If you've attended a screening in the Chatham Orpheum Theater's Art and Music Film Series, you've see the work of Brandon DeTraglia.
The “Featured Artists Series,” commissioned by the Orpheum, links Cape artists to the wider artistic world with an under-10-minute personal profile that plays before each of the feature documentaries, which focus on classic artist, art galleries or musical performances. DeTraglia's short documentaries not only explore the work of the artists, but also delve into their methods, philosophies and life experiences.
“I like to get at the heart of what they're doing,” the 24-year-old filmmaker in an interview at his family's Riverbay home.
The films DeTraglia has created range in subjects and media from the most recent, mosiac artist Suska Matski, to painter Justine Ives and aerial photographer Wayne Davis. He tries to choose artists whose work stands out, is not too “Cape Coddy” and who have interesting stories to tell. The films generally play for a month or so before the weekly art features, and during that time the featured artist's work is displayed at the Orpheum.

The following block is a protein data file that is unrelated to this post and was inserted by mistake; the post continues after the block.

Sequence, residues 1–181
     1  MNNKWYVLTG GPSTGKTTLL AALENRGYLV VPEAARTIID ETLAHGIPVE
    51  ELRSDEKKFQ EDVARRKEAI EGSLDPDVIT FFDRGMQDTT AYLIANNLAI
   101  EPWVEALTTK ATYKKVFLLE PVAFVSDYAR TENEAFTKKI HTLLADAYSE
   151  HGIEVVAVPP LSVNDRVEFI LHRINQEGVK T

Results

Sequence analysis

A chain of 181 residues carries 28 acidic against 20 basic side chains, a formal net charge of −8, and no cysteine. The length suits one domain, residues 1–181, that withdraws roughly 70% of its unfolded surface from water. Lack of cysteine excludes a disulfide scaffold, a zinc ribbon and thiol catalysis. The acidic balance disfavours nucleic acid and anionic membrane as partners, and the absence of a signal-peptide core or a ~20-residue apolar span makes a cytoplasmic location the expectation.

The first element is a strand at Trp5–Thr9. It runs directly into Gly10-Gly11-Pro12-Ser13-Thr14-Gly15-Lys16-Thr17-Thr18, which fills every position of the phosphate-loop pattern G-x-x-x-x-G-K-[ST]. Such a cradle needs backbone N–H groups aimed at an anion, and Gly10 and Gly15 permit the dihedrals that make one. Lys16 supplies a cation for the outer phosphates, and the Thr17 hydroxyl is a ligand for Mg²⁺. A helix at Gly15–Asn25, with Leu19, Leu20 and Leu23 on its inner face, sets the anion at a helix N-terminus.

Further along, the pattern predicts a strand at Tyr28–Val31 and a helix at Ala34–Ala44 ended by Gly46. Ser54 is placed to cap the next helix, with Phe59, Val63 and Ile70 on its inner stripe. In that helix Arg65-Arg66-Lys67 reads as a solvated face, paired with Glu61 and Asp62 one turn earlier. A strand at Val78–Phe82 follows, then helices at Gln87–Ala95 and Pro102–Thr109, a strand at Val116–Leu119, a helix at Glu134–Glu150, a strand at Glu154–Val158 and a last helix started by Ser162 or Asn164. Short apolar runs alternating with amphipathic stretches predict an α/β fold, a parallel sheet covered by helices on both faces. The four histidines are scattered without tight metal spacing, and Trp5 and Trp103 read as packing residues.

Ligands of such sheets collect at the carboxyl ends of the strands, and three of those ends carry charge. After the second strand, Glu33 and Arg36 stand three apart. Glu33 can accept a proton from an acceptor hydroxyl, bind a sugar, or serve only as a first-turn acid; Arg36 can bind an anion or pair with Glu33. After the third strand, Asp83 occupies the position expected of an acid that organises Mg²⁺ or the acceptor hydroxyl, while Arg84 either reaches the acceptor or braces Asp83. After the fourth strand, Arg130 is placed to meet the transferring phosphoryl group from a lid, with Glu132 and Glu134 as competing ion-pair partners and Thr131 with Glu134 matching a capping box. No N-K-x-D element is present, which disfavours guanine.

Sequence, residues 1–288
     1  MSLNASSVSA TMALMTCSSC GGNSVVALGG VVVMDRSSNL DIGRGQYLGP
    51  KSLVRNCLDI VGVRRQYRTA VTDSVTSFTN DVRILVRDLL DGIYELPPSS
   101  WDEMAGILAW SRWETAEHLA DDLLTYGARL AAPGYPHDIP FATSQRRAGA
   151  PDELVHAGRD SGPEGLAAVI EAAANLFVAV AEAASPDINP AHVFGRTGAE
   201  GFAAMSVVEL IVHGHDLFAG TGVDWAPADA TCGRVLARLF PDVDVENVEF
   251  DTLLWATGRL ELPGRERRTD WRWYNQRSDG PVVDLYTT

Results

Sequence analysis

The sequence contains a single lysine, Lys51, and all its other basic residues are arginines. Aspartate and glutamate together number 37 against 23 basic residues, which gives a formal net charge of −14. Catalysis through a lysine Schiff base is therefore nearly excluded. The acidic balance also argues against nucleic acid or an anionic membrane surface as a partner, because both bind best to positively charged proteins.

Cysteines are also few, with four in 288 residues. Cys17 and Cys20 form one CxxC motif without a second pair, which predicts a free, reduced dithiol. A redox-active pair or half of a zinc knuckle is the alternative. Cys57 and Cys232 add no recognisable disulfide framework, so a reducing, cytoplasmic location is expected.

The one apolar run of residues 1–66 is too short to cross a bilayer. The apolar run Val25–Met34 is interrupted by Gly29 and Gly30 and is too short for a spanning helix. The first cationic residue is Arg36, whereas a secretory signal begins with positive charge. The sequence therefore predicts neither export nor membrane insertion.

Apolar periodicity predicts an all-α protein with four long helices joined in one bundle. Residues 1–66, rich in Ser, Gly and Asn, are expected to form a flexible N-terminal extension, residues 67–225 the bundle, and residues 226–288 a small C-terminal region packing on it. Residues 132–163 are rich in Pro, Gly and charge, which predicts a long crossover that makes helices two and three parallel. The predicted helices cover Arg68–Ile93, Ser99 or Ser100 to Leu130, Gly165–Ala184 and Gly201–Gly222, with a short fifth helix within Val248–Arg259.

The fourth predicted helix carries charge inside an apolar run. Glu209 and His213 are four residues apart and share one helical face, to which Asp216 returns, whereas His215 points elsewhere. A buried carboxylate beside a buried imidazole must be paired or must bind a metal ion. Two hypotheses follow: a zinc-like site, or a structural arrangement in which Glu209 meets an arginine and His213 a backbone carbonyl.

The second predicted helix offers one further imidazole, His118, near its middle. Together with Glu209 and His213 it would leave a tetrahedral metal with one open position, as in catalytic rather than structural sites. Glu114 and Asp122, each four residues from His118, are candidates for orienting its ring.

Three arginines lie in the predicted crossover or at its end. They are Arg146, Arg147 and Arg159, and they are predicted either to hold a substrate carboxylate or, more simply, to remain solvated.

“I love doing this not just to make the films but for the exposure [the artists] get,” DeTraglia said.
Orpheum Director Kevin McLain said the series began as a way to highlight the local arts community for the arts film patrons. The idea was to create an artist of the month whose work would be displayed in the theater; the idea for a short documentary flowed natural from there.
“It's one thing to see people's art on the wall,” McLain said. “We thought let's play off of the arts filsm and create a short documentary about the artist.”
Former Orpheum assistant manager Geoff Bassett began making the films and created 11 profiles. DeTraglia, who works full-time as assistant media coordinator for Channel 18, the town's government access channel, was hired to continue the series.
The arts series screens Saturday and Thursday mornings in the fall and winter and consistently sells out, McLain said. Beginning with the winter series in January, the theater will partner with Gallery Antonia, which will display the featured artist's work.